Mike Procopio Rumors
Procopio is in his first full season as director of player development for the Mavericks. Team owner Mark Cuban is paying Procopio to take castoffs like McConnell and second-round pick Ricky Ledo—players who, relatively speaking, cost the team pennies—and turn them into contributors, players who can move from the end of the bench to coach Rick Carlisle’s rotation. If Procopio turns a single pupil into a reliable player, or even merely good enough to serve as trade bait, he will give the Mavs a great return on their investment. After all, people like Cuban become billionaires and build championship teams not only because they land players like star power forward Dirk Nowitzki, but also because they find ways to maximize their assets—even those at the bottom of the roster. Need proof that Cuban takes this seriously? Consider that he is personally responsible for hiring Procopio, the trail to his door blazed by Cuban asking, “Who’s the best guy not in the NBA that I need in my organization?” “He is a great asset,” Cuban says. “He is the best player development coach in the NBA.”
“He’s my Jack Bauer,” Bryant said, referring to the fictional hero of the TV show 24. “He gave me all the edits and scouting reports and wrote defensive rotations of the Celtics. He was my eyes and ears, so when I played the game, I’d use all the scouting reports and all the information. And it was huge for me.”
All this played out while Procopio was visiting McHale in Minnesota, where he was coaching the Timberwolves. They were at a team function the night of the Kobe-Battier showdown. Procopio slipped away to watch Bryant make 14 of 23 shots for 37 points in a 102-96 victory. “You ever going to hear from the guy?” McHale asked. “Probably not,” Procopio predicted. Five minutes later, this text message arrived from Bryant: “We got San Antonio tomorrow. I want the same thing.”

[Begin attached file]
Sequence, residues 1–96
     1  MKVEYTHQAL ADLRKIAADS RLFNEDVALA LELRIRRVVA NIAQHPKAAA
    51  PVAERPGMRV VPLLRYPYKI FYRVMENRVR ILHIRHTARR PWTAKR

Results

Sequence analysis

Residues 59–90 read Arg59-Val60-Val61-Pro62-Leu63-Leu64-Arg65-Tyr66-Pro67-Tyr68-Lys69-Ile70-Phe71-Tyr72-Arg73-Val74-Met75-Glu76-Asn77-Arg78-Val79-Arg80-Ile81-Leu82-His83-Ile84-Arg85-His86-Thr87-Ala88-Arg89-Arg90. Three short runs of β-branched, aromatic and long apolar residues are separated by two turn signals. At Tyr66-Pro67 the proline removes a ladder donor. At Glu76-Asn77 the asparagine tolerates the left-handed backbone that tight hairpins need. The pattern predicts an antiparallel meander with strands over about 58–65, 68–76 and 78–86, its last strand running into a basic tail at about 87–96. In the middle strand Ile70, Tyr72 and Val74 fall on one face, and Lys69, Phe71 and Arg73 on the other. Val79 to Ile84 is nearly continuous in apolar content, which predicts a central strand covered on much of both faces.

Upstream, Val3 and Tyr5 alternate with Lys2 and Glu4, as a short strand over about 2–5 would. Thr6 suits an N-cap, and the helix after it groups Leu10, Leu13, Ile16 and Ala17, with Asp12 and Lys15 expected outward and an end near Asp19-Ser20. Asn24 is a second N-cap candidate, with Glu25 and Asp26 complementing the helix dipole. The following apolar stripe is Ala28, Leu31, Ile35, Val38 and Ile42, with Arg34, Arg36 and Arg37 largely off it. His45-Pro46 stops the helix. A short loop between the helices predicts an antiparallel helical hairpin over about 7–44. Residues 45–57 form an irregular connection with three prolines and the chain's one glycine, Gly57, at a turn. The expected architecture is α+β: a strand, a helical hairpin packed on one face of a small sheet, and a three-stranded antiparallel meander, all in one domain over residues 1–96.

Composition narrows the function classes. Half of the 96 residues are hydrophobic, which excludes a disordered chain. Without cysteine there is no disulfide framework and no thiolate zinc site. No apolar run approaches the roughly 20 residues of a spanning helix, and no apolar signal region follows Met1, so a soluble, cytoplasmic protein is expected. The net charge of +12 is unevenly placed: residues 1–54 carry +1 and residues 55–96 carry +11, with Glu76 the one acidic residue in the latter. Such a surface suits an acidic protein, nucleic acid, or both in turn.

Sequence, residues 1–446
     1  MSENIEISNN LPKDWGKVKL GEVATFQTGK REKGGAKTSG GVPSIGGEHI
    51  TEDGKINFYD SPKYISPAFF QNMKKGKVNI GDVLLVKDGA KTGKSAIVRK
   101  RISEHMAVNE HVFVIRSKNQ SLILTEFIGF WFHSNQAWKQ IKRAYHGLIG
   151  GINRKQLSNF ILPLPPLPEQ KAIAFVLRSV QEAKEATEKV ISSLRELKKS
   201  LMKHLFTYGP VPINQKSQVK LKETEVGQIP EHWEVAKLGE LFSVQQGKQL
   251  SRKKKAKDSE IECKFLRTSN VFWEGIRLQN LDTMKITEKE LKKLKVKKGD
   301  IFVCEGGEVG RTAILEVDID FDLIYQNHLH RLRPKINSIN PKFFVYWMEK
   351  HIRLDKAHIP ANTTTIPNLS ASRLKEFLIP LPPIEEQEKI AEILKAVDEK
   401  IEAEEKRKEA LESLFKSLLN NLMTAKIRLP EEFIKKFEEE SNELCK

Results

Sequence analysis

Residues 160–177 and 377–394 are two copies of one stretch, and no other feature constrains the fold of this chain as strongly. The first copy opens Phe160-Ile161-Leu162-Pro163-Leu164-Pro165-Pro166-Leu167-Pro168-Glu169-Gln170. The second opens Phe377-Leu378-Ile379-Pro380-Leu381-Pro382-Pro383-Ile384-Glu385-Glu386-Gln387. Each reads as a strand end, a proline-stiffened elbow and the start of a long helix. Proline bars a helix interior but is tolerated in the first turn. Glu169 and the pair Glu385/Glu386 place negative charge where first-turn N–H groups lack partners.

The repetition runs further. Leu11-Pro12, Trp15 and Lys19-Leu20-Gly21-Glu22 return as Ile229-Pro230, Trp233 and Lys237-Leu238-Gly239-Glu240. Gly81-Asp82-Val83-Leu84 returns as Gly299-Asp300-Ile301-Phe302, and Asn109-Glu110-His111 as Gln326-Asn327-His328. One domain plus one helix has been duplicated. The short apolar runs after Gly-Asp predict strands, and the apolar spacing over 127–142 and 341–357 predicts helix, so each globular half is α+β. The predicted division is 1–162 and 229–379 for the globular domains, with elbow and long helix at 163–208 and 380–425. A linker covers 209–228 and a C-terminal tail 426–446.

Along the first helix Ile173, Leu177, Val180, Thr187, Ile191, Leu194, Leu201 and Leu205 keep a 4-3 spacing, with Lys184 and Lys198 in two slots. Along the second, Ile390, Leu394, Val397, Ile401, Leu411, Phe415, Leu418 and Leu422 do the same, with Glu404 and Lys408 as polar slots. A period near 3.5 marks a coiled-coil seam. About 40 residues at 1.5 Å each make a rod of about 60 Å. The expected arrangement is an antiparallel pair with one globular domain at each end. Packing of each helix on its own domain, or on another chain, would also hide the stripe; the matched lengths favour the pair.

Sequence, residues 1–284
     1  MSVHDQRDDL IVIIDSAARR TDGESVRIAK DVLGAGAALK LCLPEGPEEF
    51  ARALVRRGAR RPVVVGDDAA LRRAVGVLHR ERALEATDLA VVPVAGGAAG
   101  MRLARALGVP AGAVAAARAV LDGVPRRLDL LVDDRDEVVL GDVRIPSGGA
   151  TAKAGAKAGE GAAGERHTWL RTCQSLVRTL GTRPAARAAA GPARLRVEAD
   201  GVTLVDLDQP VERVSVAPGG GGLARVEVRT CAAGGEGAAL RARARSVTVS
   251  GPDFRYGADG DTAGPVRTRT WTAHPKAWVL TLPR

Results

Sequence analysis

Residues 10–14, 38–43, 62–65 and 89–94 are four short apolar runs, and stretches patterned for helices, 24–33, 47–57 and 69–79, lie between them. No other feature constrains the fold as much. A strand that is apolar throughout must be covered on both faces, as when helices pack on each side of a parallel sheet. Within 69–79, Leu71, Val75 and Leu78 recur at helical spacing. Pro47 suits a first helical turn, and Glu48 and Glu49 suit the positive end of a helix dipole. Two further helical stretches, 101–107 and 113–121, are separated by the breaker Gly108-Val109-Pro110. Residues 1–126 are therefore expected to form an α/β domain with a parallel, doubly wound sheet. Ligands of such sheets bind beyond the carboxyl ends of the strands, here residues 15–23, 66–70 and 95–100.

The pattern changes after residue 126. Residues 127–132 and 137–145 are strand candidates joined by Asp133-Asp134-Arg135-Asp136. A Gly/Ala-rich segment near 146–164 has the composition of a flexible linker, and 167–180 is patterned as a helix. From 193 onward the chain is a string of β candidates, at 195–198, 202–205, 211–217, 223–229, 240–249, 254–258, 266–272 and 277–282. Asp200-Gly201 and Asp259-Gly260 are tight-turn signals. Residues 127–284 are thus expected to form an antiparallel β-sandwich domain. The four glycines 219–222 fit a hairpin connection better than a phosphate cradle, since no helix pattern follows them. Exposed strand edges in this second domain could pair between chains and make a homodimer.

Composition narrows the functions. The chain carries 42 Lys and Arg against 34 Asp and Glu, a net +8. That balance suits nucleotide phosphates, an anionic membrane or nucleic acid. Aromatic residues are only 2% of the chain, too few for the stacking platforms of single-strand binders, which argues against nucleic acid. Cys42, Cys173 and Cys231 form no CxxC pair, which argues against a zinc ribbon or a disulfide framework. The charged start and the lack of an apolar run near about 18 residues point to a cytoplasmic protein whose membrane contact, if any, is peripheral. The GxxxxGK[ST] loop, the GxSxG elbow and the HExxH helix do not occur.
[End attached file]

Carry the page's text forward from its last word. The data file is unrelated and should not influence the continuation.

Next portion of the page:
In February 2009, Michael Lewis (of Moneyball fame) wrote an article for The New York Times Magazine about Houston’s Shane Battier being the preeminent Kobe-stopper. Bryant told Grover he needed to counter this for an upcoming game against Battier—and he wanted that Sweetchuck guy’s help. Procopio discovered the issue wasn’t Battier, but Bryant. See, Battier funneled Bryant toward Rockets star Yao Ming, daring Bryant to shoot over the 7-foot-6 center. He fell for it way too often. Telling Bryant he was taking too many shots, and a lot of dumb ones, was tough, but Procopio did it.
All along, Procopio kept working at summer camps, especially one at trainer Tim Grover’s Chicago gym. In ’06, Celtics forward Paul Pierce was walking in to lift weights with Grover as Procopio was walking out, and Pierce and Procopio agreed to meet later for an on-court workout. Grover witnessed that session and approached Procopio. “That was great work,” Grover told him. “I’ve never seen a guy who looks like you work out a guy like that.” “Take a ticket and stand in line, because you’re not the first guy or the last guy to tell me that,” Procopio responded with a smile. “Would you like to work for me?” Grover offered.
So, how did someone known in the basketball world as “Sweetchuck”—because, as a teenager, he resembled that character from the Police Academy movies—get this far? Or, as Nowitzki says following a verbal zinger from Procopio, “Where did we get you?”